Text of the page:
crazy_guitar Wed, 04/24/2002 - 19:07

Sometimes I mix with extra punch on the snare and kick then I want, cause I know that when the Mastering engineer squashes my mix to sound louder (seems to be louder every day) I will loose punch. sometimes when I'm "done" with a mix I will check my mix trough an L2 and squash the level as much as a commercial CD, just to have a perspective where my snares, kick, vocals and others are. Since I started doing this, I dont feel that my mixes come out squashed out from the mastering house.

Dave McNair Wed, 04/24/2002 - 19:18

This is a great question. I remember thinking back when I first started engineering, how do those guys get the hi hats to sound like that? And this was very pre CD's. Then a few years later when I had something,(I had recorded and mixed) mastered, I went "aha it's in the mastering" That super cool bright but silky sound on vocals and drums is many times due to the mastering. Sometimes it's not. You should try to make your mixes sound as good as you can, but as you gain more experience, you might get to the point where you know how far you have to go to tweak the over all spectral balance and when to declare victory and let the mastering engineer put that last bit of polish on your masterpiece. For what it's worth, I don't know a lot of super pro mastering people who use multiband comp/limting on a regular basis. Most of that big but tight low end is great mixing. The rest is little nips and tucks with eq/comp/limiting in the mastering, but it's nearly impossible to get a really great fat and tight low end at the mastering stage if the mastering engineer is working with mixes that are either too thin, or way too big and flabby. Add more difficulty points when the bass drum/bass instrument balance is weird. He is 2 little concepts that a buddy of mine passed on to me. When you are mixing and you feel you are getting near the end of the process, the brightness of the lead vocal and the snare drum should compliment each other and the bass drum and bass instrument should be married together happily. This is a generalization, but I think it works pretty well as a concept.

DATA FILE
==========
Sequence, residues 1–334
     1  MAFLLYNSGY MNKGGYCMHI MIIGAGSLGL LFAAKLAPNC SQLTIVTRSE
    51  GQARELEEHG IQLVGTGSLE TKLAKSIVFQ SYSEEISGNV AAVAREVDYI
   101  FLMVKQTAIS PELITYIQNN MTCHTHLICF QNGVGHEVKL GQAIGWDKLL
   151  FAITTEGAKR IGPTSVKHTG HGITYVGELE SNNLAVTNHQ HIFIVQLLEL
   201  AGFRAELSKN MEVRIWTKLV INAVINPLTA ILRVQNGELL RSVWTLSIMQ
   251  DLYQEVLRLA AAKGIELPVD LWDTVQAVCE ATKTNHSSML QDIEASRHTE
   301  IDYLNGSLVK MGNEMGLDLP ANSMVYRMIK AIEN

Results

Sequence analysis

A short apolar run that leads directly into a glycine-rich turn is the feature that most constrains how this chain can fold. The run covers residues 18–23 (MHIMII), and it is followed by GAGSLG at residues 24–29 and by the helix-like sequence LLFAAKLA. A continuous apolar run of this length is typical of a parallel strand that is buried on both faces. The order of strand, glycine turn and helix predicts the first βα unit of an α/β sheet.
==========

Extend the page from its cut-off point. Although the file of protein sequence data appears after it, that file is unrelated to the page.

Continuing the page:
anonymous Fri, 04/26/2002 - 22:07

I think I've been compressing the Bass lines too much. I've been kinda smashing thems. It seems to suck the low end out. I want that bottom to sit in the sub and not move!

The journey continues...I never intend on arriving anywhere, I just like the trip 'cause we can always "do better" nomatter how good we get.

anonymous Sat, 05/04/2002 - 00:23

Okay, frustrated today. There's a fork in the road here and which one do I take????